Does he have to improve?

I don’t think it is a dire concern. Many successful hitters, and teams (see Cleveland Indians offense circa 2006) can exist with high strike out totals. However, because Granderson’s strike outs are so extreme he probably does need to cut them down by at least one a week. Brian points out that if Granderson maintains his BABIP of 338 and reduces his strike outs by 20 that means another 7 hits over the course of the season.

There’s kind of a good news-bad news element to all this. First is that Granderson is still fairly young and he has a reputation as very coachable and as a quick study. He’s also got a decent eye which is something that shouldn’t go away. The bad news is that Appelman found that contact rate correlates very highly year to year. From 2005 to 2006 it had a R-squared of .81. Essentially, it is pretty constant.

For detailed data over the course of the 2006 season, check out Curtis Granderson’s page at Fan Graphs. That was a source of much of the data I compiled, as was retrosheet.

Much of…The information used here was obtained free of charge from and is copyrighted by Retrosheet. Interested parties may contact Retrosheet at “www.retrosheet.org”.

Posted by on February 24, 2007.

Tags:

Categories: Offense, Players, Statistics

9 Responses

  1. Very nice research Billfer. The high repeatability of the contact and oswing stats is not surprising but still interesting. I’m probably not looking hard enough but where did you find Granderson’s OSWING and contact numbers?

    Lee

    by Lee Panas on Feb 24, 2007 at 3:58 pm

  2. Great stuff. Given that the three spikes in K/BB ratio all occurred in the second half of the season, maybe we can chalk some of this up to a guy in his first full major league season suffering from mental/physical fatigue as the season went on?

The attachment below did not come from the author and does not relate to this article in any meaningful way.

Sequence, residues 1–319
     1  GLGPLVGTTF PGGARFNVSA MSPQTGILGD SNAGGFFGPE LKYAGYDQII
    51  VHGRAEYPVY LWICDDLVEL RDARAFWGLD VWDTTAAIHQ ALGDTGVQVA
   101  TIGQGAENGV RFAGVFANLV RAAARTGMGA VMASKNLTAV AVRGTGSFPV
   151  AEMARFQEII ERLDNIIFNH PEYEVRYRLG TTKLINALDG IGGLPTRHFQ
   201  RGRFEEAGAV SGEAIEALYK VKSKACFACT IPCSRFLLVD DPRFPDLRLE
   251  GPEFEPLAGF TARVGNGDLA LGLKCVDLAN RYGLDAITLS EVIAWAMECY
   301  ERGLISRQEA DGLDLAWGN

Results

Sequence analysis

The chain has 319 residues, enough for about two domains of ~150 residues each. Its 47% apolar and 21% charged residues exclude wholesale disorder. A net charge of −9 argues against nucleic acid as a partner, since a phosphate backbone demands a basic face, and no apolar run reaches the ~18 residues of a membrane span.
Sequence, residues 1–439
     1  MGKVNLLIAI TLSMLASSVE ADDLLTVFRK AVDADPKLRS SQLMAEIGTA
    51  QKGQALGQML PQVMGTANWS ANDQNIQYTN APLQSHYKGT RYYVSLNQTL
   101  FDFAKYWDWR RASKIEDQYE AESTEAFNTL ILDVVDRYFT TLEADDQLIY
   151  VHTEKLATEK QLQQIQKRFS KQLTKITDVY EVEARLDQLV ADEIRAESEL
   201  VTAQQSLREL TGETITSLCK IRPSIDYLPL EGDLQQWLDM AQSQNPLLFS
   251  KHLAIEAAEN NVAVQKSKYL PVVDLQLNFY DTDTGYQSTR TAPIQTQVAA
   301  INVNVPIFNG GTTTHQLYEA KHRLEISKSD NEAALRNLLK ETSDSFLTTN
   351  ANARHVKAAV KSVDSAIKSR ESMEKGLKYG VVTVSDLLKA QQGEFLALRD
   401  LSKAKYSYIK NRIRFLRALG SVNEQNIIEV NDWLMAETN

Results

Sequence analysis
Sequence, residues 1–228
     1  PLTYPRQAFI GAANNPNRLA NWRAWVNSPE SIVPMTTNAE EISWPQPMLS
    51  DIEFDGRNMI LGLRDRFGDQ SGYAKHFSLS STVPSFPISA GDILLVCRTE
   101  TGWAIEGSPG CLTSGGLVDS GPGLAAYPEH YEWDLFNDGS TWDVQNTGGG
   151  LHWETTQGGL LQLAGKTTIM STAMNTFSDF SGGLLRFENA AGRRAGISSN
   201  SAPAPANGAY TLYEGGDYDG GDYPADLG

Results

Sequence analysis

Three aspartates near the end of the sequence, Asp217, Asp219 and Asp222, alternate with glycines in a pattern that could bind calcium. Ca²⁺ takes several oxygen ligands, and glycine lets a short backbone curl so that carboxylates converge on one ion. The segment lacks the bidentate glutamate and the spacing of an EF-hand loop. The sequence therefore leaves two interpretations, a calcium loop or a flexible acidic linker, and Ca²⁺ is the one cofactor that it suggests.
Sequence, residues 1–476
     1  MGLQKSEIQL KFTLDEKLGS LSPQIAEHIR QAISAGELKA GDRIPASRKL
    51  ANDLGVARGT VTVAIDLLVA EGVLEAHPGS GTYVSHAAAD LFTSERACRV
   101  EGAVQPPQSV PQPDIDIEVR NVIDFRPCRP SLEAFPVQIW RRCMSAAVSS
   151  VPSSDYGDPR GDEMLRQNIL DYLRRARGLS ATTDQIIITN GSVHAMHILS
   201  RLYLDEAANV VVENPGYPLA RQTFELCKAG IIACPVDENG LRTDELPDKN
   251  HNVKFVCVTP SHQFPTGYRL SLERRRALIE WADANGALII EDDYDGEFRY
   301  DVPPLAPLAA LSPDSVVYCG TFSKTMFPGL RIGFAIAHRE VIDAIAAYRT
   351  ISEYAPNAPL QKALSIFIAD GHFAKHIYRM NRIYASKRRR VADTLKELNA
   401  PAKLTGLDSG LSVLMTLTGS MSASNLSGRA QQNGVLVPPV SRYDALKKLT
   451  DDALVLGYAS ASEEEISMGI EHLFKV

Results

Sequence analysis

Eyeballing things, it looks like his contact rate was around 75% through mid-July. I suspect that maintaining that rate for a full season would significantly improve his hitting numbers.

    by Kyle J on Feb 24, 2007 at 6:10 pm

  3. The contact numbers I derived from retrosheet data. The Oswing I got directly from David.

    by billfer on Feb 24, 2007 at 8:07 pm

  4. I’ve decided to throw my blogging hat into the Tigers pool by creating a separate blog just for Tigers and baseball related stuff – any interest in trading links? You can check it out here.

    by zorak163 on Feb 24, 2007 at 8:15 pm

  5. Great research to possibly pinpoint the area of coaching emphasis for Curtis. The question is, “why does he swing and miss more often,” when, obviously, he makes perfect contact at times? Is it concentration lapses? Does he pull the trigger too soon and not allow the ball to get deep enough in the zone that he’s fooled more often? Does he pull off the ball (often appearing to be the problem, particularly on breaking balls)? Is this something that will improve as he sees pitchers more often and gains experience/comfort? Granderson is still my candidate for “2007 most improved,” but it will be interesting to see, as his K total goes down, if his contact % improves.

    by Rings on Feb 25, 2007 at 1:38 am

  6. His K rate was pretty constant throughout the year. His bb rate dropped.

    Perhaps that had something to do with missing hittable pitches in the second half. I can certainly buy that pitchers were not afraid of pitching him over the plate in certain locations because his timing was off.

    I think his swing did have a lot to it which is why I am happy that they are working to simplify it. There were a few timing mechanisms if you go back and look at video. When there is that much to a swing there is more to go wrong.

    I would guess if you asked Granderson he was tired during July/August and that he lost the timing on his swing. I think we might see improvement. But this has to be the year.

    by Brian on Feb 25, 2007 at 2:02 pm

  7. Grandy did strike out in awful lot in the playoffs. Wow, all these graphs very impressive, I cant keep up. I just know that Granderson needs to stop taking two strikes and then hacking at the third.

    by Jojo SunDevil on Feb 25, 2007 at 10:39 pm

  8. Actually Granderson’s strikeout rate dropped by 10 percent in the playoffs and his K/BB improved to 2.0.

    by Brian on Feb 26, 2007 at 9:30 pm

  9. [...] While delving into Curtis Granderson’s strikeouts, I calculated many of the same stats for the rest of the team. Here they are: [...]

    by The Detroit Tiger Weblog » Blog Archive » Statistical Leftovers on Mar 3, 2007 at 8:58 am